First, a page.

Stephen Ferguson is a PhD student in Philosophy at Fordham University.  He received his B.A. in philosophy, with a minor in Economics, from Boston College in 2015, where he also received a M.A. in Philosophy in 2017.  Rooted in the hermeneutic retrieval of the history of philosophy, he primarily studies the political-theological dialectic of Athens and Jerusalem and its intersection with cognitional theory.  He is also interested in the thought of Bernard Lonergan.

Daniel Gee is a DMA candidate at the University of Southern California, where he is studying Choral Conducting with minor fields in Orchestral Conducting and Composition, and serves as Associate Conductor of the Oriana Women's Choir. He graduated as First Senior at Westmont College in 2013 where he double majored in music composition and philosophy. After earning his M.M. at USC, Daniel taught theory and composition at Westmont for a year long sabbatical replacement, and as a composer has since fulfilled commissions for the Westmont Orchestra, the Quire of Voyces, and the Westridge Chamber Orchestra. Daniel's current professional work involves serving as Conducting Fellow for the Long Beach Symphony and as Artistic Director of Choirs at Evergreen Baptist Church of San Gabriel Valley. His research interests include settings of the Passion and Latin American choral music.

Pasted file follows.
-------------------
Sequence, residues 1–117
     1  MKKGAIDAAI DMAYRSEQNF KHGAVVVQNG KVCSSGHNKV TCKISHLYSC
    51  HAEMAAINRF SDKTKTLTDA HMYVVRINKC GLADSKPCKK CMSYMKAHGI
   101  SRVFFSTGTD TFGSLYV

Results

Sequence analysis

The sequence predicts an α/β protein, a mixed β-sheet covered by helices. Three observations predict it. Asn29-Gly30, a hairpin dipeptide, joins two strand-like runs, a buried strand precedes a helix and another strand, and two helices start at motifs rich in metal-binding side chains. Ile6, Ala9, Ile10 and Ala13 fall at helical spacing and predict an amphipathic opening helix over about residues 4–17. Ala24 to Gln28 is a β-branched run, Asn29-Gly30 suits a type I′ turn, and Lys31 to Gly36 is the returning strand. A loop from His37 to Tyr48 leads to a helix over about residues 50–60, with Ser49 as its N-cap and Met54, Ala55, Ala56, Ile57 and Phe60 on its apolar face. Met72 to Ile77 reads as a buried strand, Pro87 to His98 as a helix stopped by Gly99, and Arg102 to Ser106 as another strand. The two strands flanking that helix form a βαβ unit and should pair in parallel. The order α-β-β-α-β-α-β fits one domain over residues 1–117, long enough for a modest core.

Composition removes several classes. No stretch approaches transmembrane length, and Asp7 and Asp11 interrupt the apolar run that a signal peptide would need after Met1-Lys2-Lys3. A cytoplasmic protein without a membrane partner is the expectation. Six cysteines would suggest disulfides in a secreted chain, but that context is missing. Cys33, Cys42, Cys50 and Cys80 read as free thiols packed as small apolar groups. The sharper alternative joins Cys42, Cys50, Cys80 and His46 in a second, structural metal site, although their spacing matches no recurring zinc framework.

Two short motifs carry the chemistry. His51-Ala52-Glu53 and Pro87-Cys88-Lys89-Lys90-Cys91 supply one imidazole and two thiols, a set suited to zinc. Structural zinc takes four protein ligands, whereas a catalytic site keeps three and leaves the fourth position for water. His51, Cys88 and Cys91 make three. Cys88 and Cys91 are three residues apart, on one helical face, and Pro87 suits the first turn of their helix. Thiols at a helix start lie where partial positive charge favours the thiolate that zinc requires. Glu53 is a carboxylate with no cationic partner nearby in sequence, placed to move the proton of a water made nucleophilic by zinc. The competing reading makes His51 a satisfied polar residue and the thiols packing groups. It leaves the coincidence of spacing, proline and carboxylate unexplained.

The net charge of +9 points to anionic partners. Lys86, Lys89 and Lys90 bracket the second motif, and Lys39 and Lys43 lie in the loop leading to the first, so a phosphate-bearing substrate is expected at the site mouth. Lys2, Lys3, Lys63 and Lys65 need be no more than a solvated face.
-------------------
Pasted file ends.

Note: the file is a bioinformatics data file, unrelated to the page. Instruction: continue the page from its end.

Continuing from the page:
Bridget Safranek received a B.A. in philosophy from the University of Dallas in 2017. In the fall of 2017, she will begin the MA/PhD program in philosophy at the Catholic University of America as a fellow at the Institute for Human Ecology at CUA. She plans to focus on ethics and metaphysics as the fundamental foundations for bioethics, and is also interested in virtue ethics and natural law theory.